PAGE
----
Wednesday, 26 June 2013

Battle of Chesterfield - infantry

The figure on which this man is based is described as a Londoner in the manuscript where he appears, but he is typical of the sort of man who would be recruited by any medieval army in large numbers. He is equipped with a metal helmet, padded inside with wool and leather and with a kite-shaped shield that covers him from shoulder to knee. His main weapon is a short thrusting spear and he would have had a heavy knife or small hatchet tucked into his belt as a reserve weapon. In action these men formed up shoulder to shoulder with their shields overlapping to form a solid wall of shields facing the enemy. Spears were usually held overarm and thrust forward and down over the shield at the enemy. Whether a unit of such men would be able to carry out any of the more sophisticated battle tactics of this period would depend on their level of training. As a rule town militia were better trained than rural militia, but not so good as mercenaries.

from "The Battle of Chesterfield" by Rupert Matthews.
Buy your copy HERE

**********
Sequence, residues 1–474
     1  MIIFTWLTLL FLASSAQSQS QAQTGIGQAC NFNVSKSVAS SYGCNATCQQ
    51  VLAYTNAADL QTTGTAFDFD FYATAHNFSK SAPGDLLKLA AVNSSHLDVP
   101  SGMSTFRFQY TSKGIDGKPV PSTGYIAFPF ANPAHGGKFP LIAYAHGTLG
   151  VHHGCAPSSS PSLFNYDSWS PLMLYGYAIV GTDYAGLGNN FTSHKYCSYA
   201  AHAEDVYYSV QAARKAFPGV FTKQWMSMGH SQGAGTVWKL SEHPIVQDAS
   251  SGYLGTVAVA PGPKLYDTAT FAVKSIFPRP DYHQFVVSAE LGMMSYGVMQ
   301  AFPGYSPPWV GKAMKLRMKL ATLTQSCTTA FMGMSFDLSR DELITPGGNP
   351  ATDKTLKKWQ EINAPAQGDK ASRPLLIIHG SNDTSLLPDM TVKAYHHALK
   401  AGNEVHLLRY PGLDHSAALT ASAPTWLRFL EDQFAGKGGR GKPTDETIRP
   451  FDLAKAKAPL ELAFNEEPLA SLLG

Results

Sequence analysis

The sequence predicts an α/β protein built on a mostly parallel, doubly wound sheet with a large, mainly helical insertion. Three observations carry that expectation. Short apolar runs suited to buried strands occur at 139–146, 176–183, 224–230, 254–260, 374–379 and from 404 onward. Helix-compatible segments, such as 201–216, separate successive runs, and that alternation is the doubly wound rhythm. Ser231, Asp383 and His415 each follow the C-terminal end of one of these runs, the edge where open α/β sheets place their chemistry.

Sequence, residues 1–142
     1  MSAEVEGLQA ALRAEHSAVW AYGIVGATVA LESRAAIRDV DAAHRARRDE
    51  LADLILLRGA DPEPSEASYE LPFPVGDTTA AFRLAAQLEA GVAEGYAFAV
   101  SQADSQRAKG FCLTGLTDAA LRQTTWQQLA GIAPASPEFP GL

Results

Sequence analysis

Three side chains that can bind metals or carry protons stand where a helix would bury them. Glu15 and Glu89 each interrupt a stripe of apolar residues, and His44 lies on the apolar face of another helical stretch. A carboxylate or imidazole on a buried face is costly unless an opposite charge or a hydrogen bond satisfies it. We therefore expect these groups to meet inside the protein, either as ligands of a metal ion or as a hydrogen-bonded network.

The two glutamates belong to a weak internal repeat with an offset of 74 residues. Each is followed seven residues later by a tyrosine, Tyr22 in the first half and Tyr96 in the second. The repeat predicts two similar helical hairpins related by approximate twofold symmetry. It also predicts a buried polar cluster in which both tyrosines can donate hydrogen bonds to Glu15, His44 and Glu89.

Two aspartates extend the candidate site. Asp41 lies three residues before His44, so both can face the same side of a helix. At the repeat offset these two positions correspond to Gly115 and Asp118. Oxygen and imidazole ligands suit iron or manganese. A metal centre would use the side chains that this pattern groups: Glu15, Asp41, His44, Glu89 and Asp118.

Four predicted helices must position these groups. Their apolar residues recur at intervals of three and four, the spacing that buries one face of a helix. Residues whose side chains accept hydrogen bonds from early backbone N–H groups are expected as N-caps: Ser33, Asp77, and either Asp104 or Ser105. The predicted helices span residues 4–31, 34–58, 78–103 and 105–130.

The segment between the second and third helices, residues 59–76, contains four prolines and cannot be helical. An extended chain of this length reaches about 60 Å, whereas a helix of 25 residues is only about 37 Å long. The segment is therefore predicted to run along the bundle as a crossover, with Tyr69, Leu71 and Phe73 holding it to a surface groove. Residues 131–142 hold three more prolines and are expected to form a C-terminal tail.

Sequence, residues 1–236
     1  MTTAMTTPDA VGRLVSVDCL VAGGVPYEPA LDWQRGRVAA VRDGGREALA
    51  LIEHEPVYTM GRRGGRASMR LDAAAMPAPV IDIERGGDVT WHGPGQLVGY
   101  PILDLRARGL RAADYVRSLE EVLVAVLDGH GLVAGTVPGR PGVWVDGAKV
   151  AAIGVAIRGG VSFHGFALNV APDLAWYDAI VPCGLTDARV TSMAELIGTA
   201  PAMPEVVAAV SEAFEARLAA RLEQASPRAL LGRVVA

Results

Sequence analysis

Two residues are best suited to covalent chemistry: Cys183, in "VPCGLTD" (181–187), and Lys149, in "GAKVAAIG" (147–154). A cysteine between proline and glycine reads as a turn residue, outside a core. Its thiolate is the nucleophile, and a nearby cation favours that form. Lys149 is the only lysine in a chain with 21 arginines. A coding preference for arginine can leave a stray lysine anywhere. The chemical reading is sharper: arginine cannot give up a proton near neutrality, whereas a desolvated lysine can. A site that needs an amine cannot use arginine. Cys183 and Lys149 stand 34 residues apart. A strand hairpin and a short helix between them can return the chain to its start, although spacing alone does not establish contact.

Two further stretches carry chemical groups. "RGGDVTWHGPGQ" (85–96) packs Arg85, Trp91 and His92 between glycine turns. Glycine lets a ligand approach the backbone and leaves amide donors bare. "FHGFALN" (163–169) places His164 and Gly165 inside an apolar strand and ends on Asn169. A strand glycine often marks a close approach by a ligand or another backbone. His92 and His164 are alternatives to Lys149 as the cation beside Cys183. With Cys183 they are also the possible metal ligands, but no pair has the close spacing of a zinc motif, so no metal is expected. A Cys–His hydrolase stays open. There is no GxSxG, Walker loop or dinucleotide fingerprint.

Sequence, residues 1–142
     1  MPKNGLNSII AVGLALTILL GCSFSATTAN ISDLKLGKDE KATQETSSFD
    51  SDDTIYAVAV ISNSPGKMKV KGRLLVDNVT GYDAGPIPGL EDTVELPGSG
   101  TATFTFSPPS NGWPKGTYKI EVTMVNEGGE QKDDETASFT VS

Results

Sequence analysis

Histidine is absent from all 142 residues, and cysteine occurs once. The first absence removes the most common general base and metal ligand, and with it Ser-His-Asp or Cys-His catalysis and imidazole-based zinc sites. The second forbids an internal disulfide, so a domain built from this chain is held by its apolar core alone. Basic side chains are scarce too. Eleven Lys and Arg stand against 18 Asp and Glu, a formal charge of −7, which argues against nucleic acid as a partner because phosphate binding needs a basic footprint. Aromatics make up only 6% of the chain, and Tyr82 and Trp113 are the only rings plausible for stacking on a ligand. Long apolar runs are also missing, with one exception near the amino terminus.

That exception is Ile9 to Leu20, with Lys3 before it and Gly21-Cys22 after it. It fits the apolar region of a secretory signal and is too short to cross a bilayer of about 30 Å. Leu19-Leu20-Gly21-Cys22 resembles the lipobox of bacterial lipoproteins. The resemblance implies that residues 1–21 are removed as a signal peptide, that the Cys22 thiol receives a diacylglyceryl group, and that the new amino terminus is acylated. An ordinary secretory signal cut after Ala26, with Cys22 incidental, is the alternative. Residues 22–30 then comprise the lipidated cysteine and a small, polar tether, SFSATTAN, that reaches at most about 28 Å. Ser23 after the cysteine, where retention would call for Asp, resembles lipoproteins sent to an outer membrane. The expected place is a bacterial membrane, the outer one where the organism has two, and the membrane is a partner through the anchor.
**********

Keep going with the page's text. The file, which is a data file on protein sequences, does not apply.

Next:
A book dedicated to the Battle of Chesterfield that ended the Baronial Wars of King Henry III against Simon de Montfort. After Simon de Montfort's death at the Battle of Evesham in 1265, his supporters rallied in Derbyshire. Sending messages to other reformers to rally to their cause the rebels were expecting help from the King of France, but it was Prince Edward (later King EdwardI) who got there first with a royal army. The resulting battle began in the fields south of the town, but moved into the streets of the town and ended in the churchyard where the last rebels surrendered. This book follows the standard pattern set by others in the Bretwalda Battles series. The reasons for and course of the war in question are outlined, then detailed analyses of weapons, tactics and strategies are given with particular reference to this battle. The course of the battleis then followed, with comment on what there is to see at the site today. Short biographies of the commanders are also given. The aftermath of the battle, its effects and importance to the progress of the war are then described. The "Bretwalda Battles" series has been running with increasing success as ebooks for some time. Now the first books in the series are being published in print format.

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